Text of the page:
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Discussion Starter #1
Could I learn to speycast by just fishing or must I do a little practice casting on the side? Being an efficient soul I would like to get a little fishing time while perfecting my stroke. While fishing I can get in about 30 casts or so per hour. When I just practice casting I can get in more casts per hour. Then it comes down to the proper technique. I can cast all day for weeks on end repeating poor technique and not improve my casting ability. How about you really good casters out there? Do you need to practice once in a while? Since I am fortunate to live on the river, I keep my rod rigged up all the time and try to practice about a half hour or so every day. Some days I feel "on" and the load of the rod is just right. If the timing is off that is the time to work on it. Sometime I can correct myself and sometimes I must wait for another day. I also like to change lines and rods each week or so. Try the long line one week and the wincutter type another week. When I want to build up my ego a little I can use long long heads and floating line and try to send it out there. With all this I am still in the learning phase of spey casting. Jerry
 

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Shorten the learning curve by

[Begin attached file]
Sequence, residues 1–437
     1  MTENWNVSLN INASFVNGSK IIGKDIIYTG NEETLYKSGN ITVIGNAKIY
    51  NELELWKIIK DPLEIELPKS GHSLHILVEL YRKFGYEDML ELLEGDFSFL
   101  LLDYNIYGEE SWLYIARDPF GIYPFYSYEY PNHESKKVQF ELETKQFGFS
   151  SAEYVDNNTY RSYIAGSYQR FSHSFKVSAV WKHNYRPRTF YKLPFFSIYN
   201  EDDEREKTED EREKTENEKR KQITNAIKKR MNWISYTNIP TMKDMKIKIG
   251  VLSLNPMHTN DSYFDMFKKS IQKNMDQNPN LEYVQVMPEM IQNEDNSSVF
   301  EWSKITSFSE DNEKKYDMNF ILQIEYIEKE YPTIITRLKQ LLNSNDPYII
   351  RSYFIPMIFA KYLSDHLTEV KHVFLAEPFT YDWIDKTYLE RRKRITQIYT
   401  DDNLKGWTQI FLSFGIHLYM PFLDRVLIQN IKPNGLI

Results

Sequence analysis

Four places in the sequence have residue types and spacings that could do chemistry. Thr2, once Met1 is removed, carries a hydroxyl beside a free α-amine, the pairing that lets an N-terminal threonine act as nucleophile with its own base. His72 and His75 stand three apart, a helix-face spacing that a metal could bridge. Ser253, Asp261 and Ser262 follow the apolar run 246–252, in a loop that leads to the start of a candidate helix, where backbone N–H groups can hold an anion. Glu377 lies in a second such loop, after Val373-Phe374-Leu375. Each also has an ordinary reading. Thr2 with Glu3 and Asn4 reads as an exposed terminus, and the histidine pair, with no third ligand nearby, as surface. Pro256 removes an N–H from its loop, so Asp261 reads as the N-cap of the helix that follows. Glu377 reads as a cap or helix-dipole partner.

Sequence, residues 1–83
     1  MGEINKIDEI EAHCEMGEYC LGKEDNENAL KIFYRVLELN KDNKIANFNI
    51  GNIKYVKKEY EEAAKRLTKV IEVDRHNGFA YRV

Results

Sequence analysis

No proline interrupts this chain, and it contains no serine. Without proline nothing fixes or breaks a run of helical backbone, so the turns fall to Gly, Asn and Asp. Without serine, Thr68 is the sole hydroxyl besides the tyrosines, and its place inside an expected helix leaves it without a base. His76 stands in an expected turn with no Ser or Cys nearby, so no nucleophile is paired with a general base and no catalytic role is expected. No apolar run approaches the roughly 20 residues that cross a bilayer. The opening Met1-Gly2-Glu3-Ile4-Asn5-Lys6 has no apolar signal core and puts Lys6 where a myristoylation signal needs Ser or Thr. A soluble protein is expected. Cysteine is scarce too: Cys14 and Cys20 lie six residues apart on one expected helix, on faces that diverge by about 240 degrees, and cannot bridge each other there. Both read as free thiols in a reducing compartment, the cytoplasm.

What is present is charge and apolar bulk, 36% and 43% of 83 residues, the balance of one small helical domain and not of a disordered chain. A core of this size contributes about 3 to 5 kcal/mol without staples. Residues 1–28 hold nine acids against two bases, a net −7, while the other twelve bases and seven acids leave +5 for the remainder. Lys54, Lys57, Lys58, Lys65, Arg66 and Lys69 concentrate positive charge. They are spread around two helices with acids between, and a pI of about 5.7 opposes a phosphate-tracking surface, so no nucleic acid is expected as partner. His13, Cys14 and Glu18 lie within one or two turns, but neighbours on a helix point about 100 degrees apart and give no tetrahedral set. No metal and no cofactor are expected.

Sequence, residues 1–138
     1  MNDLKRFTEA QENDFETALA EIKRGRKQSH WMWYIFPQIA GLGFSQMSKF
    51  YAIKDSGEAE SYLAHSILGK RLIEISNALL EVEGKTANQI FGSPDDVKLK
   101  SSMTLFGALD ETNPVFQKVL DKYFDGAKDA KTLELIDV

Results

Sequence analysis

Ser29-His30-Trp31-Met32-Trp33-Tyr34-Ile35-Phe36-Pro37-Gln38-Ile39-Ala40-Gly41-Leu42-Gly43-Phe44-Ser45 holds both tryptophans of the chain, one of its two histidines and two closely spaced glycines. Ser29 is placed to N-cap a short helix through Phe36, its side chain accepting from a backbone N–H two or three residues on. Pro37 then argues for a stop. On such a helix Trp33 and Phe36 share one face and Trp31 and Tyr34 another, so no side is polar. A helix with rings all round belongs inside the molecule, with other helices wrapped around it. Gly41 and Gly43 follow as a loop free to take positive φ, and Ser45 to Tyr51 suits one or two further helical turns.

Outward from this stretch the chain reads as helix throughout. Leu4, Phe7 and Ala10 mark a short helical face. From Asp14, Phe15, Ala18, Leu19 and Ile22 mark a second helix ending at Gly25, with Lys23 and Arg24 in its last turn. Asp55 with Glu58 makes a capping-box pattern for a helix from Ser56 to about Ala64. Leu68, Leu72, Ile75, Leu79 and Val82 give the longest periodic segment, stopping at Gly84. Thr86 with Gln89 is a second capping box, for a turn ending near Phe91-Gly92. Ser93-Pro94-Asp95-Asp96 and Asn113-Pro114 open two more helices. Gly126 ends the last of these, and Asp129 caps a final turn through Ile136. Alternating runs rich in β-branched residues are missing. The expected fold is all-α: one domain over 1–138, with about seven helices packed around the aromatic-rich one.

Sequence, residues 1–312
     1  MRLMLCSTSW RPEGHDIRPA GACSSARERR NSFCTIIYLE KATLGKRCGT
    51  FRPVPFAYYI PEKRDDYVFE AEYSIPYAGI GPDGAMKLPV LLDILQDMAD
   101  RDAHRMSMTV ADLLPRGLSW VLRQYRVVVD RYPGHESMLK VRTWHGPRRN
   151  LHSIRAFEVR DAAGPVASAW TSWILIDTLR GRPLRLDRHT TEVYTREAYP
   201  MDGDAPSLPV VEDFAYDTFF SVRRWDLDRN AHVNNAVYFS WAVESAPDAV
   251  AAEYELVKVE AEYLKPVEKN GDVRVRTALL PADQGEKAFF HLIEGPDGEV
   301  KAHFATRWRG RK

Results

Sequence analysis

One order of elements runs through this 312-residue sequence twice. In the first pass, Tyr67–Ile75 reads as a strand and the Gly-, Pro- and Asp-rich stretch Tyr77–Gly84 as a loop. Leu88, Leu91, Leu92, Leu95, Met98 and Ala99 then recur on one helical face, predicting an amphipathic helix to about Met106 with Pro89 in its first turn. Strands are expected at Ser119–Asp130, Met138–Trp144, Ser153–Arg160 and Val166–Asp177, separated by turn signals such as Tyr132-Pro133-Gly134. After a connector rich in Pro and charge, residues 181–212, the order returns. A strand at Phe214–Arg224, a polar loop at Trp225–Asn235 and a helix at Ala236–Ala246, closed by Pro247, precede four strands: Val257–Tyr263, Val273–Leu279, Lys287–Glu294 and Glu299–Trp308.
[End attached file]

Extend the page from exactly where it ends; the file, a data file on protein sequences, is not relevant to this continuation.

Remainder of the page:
getting some instruction early. That way you avoid the bad habits and get a big jump on those of us who learned by ourselves/fishing. Sure you can do it fishing and mostly by yourself, but it is a lot quicker and less painful to get some good instruction.
 

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???????????????????????????????????????

any fish where you live!???????????????????????,,,,i'm,,,,a,,,,,welll,,,,,,,,,,,,,,,,,,are you certain you're satisfied with ,,,,,uh,,,someone help me here,,at a loss for words,,,,,,,what about THE STINKIN" FISH, HONEY!,,o-k,,,,been a looooong monday,,,guess i better go,:eyecrazy: :confused: :whoa: :tsk_tsk: :confused: :confused: :confused: :confused: :confused:
 

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Cabin Fever?

I think Hammer has cabin fever and needs to get outside and catch a fish.
 

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Instruction

I would second what t_richerzhagen has said. Get some instruction early and then practice. Fishing is a good way to practice but you are not focused on casting but fishing. We know how to cast but still practice.
Get a good video and again practice.
Leroy.....................
 

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i did indeedy

get out to see water/air,daylight,,,,,,,,,,,,,,,,thirty casts an hour,come on,,,pick it up,should be able to make at least 100 or 125 casts an hour after all we DO have a quota to adhere to remember, a double spey counts as two:chuckle:
 

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learning to spey cast

hey wet fly GET TUITION. i messed about for 30 years before i noticed that my son and his friends were 10 times better than me after a weeks guided fishing with a top casting teacher in uk. in one hour that guy told me all my faults and what to practice. i now have 1 weeks guided fishing with him and a group at beginning of each season to correct little faults that creep in. i also watch all the videos!!! i also practise and practise. if you search on 'grampa spey' 10th thread down, 'the value of dry casting' you will see the lengths we go to! remember its not a hobby its A WAY OF LIFE.
 

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Re: Cabin Fever?